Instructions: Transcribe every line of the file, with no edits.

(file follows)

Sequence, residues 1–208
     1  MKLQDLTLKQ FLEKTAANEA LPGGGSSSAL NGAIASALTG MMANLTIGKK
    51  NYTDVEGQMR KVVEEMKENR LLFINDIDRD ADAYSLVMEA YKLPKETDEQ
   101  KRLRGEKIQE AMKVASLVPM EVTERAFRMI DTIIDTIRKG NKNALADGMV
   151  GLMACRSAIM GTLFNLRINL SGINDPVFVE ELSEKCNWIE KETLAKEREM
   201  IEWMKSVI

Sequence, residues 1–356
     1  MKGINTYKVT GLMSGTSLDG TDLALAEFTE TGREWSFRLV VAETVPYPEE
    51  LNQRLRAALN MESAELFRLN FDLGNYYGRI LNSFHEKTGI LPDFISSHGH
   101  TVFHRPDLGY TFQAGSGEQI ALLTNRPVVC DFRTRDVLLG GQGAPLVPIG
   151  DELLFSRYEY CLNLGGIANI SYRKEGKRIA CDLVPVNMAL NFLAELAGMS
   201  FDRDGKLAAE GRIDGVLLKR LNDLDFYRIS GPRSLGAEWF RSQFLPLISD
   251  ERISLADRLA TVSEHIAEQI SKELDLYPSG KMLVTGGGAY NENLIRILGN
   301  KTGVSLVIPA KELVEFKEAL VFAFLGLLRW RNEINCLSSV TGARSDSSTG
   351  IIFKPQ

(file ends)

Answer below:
Sequence, residues 1–208
     1  MKLQDLTLKQ FLEKTAANEA LPGGGSSSAL NGAIASALTG MMANLTIGKK
    51  NYTDVEGQMR KVVEEMKENR LLFINDIDRD ADAYSLVMEA YKLPKETDEQ
   101  KRLRGEKIQE AMKVASLVPM EVTERAFRMI DTIIDTIRKG NKNALADGMV
   151  GLMACRSAIM GTLFNLRINL SGINDPVFVE ELSEKCNWIE KETLAKEREM
   201  IEWMKSVI

Sequence, residues 1–356
     1  MKGINTYKVT GLMSGTSLDG TDLALAEFTE TGREWSFRLV VAETVPYPEE
    51  LNQRLRAALN MESAELFRLN FDLGNYYGRI LNSFHEKTGI LPDFISSHGH
   101  TVFHRPDLGY TFQAGSGEQI ALLTNRPVVC DFRTRDVLLG GQGAPLVPIG
   151  DELLFSRYEY CLNLGGIANI SYRKEGKRIA CDLVPVNMAL NFLAELAGMS
   201  FDRDGKLAAE GRIDGVLLKR LNDLDFYRIS GPRSLGAEWF RSQFLPLISD
   251  ERISLADRLA TVSEHIAEQI SKELDLYPSG KMLVTGGGAY NENLIRILGN
   301  KTGVSLVIPA KELVEFKEAL VFAFLGLLRW RNEINCLSSV TGARSDSSTG
   351  IIFKPQ